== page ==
rehearing, the court denied the petition but amended its original decision to delete language
that had stated sexual orientation-related discrimination claims are not actionable under Title
VII.
Latta v. Otter, 771 F.3d 456 (9th Cir. 2014). The 9th Circuit Court of Appeals held that
statutes and constitutional amendments in Idaho and Nevada prohibiting same-sex marriages
and refusing to recognize same-sex marriages validly performed in other states violated the
Equal Protection Clause. The opinion of the court held that the laws were invalid as they
discriminated on the basis of sexual orientation without sufficient justification. It also noted
that "the constitutional restraints the Supreme Court has long imposed on sex-role
stereotyping . . . may provide another potentially persuasive answer to defendant's theory."

Id. at 474. A concurrence by Judge Berzon focused exclusively on the sex discrimination
argument. Her opinion stated that she would have found that the Idaho and Nevada laws
unlawfully discriminated on the basis of sex as, among other reasons, "the social exclusion
and state discrimination against lesbian, gay, bisexual, and transgender people reflects, in
large part, disapproval of their nonconformity with gender-based expectations." Id. at 495.
Christiansen v. Omnicom,Group, Inc., __ F. Supp. 3d ___, 2016 WL 951581 (S.D.N.Y. Mar.
9, 2016). Holding that it was bound to apply circuit precedent disallowing Title VII sex
discrimination claims based on sexual orientation, the court nevertheless included in its
decision an extensive critique of that precedent and others, observing: "In light of the EEOC's
recent [Baldwin] decision on Title VII's scope, and the demonstrated impracticality of
considering sexual orientation discrimination as categorically different from sexual
stereotyping, one might reasonably ask - and, lest there be any doubt, this Court is asking whether that line should be erased."
Videckis v. Pepperdine University, 2015 WL 8916764 (C.D.Cal. Dec. 15, 2015). Pepperdine
University filed a renewed motion to dismiss plaintiff's Title IX claim, stating that the
plaintiff alleged sexual orientation discrimination and not sex discrimination. The district
court denied the motion, explicitly holding that "sexual orientation discrimination is a form of
sex or gender discrimination." The court cited with approval the Commission's decision in
Baldwin v. Dep't of Transportation, EEOC Appeal No. 0120133080 (July 15, 2015),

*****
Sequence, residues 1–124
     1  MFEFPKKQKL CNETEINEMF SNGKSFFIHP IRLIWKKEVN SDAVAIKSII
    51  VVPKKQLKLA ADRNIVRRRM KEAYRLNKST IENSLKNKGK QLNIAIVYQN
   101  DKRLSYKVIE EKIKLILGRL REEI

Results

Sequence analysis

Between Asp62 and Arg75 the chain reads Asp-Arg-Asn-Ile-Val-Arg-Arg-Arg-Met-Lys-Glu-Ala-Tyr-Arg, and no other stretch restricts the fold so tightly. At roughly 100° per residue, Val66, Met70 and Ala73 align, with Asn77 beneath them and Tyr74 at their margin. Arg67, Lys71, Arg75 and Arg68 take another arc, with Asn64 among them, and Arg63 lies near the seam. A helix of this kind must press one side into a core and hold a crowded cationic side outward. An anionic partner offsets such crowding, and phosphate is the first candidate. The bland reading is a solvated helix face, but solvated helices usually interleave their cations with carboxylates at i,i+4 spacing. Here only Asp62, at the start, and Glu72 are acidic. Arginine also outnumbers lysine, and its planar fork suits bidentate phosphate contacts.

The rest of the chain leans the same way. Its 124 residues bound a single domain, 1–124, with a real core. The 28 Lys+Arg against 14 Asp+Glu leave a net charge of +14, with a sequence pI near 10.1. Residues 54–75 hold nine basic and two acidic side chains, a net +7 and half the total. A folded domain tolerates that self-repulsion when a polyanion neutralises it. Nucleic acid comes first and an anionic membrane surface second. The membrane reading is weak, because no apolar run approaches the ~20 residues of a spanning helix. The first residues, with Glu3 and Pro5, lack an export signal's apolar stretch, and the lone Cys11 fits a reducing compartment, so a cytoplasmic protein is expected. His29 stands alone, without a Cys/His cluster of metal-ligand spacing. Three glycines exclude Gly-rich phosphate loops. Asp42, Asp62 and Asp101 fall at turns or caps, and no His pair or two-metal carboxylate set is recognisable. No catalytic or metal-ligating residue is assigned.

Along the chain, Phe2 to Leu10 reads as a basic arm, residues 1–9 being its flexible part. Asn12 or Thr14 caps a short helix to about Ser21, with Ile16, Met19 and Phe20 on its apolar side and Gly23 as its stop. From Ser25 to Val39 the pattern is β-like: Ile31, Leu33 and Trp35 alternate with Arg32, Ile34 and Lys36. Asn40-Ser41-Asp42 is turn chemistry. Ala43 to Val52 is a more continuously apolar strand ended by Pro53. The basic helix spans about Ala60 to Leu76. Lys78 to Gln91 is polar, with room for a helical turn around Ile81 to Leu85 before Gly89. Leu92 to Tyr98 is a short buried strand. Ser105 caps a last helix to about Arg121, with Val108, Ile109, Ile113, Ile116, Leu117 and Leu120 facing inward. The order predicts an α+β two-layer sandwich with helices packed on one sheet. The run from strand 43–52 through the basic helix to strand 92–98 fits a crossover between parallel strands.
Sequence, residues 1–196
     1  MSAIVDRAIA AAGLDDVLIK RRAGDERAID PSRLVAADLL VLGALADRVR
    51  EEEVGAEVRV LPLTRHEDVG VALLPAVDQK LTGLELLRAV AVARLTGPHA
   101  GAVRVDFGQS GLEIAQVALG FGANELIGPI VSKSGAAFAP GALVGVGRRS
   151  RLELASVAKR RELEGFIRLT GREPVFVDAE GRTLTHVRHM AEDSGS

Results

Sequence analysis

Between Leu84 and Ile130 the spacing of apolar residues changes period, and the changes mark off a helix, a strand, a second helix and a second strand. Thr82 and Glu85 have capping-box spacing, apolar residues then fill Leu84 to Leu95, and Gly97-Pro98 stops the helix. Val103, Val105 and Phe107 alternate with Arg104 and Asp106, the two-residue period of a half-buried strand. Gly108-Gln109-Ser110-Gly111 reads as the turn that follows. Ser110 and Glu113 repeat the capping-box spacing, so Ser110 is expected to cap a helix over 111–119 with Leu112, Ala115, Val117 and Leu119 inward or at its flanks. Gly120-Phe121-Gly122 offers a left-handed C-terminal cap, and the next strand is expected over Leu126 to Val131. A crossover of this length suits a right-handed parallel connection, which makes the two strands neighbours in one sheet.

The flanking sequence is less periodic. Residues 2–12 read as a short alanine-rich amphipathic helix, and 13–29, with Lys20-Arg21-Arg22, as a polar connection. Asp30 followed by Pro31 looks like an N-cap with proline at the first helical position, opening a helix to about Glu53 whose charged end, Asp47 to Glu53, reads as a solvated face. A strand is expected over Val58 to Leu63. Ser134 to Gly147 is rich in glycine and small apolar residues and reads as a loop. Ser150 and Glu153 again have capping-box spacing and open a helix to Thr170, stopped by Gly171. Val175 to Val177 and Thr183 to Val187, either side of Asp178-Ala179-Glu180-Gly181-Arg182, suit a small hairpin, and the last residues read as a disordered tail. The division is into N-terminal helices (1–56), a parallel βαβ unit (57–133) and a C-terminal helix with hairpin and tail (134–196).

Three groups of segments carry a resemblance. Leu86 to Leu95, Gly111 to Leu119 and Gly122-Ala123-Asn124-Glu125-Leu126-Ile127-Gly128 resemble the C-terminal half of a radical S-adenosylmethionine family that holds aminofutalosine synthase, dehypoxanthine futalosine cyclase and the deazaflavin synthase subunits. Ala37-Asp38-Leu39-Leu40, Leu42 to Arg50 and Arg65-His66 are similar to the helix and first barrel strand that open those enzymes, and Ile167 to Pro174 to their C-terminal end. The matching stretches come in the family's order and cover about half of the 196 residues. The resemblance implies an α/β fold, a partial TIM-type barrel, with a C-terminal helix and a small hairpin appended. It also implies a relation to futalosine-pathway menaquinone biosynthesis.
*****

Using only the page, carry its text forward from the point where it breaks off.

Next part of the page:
explaining that sexual orientation discrimination is sex discrimination "because it involved
treatment that would not have occurred but for the individual's sex; because it was based on
the sex of the person(s) the individual associates with; and/or because it was premised on the
fundamental sex stereotype, norm, or expectation that individuals should be attracted only to
those of the opposite sex."
Isaacs v. Felder, 2015 WL 6560655 (M.D. Ala. Oct.29, 2015). Granting the employer's
motion for summary judgment on plaintiff's Title VII claim due to insufficient evidence of
discriminatory intent on the facts of the case, the court nevertheless explicitly rejected
arguments that sexual orientation discrimination cannot be challenged under Title VII: "This
court agrees instead with the view of the Equal Employment Opportunity Commission that
claims of sexual orientation-based discrimination are cognizable under Title VII. In
[Baldwin], the Commission explains persuasively why 'an allegation of discrimination based
on sexual orientation is necessarily an allegation of sex discrimination under Title VII'
Particularly compelling is its reliance on Eleventh Circuit precedent [prohibiting
discrimination based on a protected characteristic because of a personal association]. Cf. Parr
v. Woodmen of the World Life Ins. Co., 791 F.2d 888, 892 (11th Cir. 1986) ('Where a plaintiff
claims discrimination based upon an interracial marriage or association, he alleges, by
definition, that he has been discriminated against because of his race [in violation of Title
VII].').' .To the extent that sexual orientation discrimination occurs not because of the
targeted individual's romantic or sexual attraction to or involvement with people of the same
sex, but rather based on her or his perceived deviations from 'heterosexually defined gender
norms,' this, too, is sex discrimination, of the gender-stereotyping variety . See also Latta v.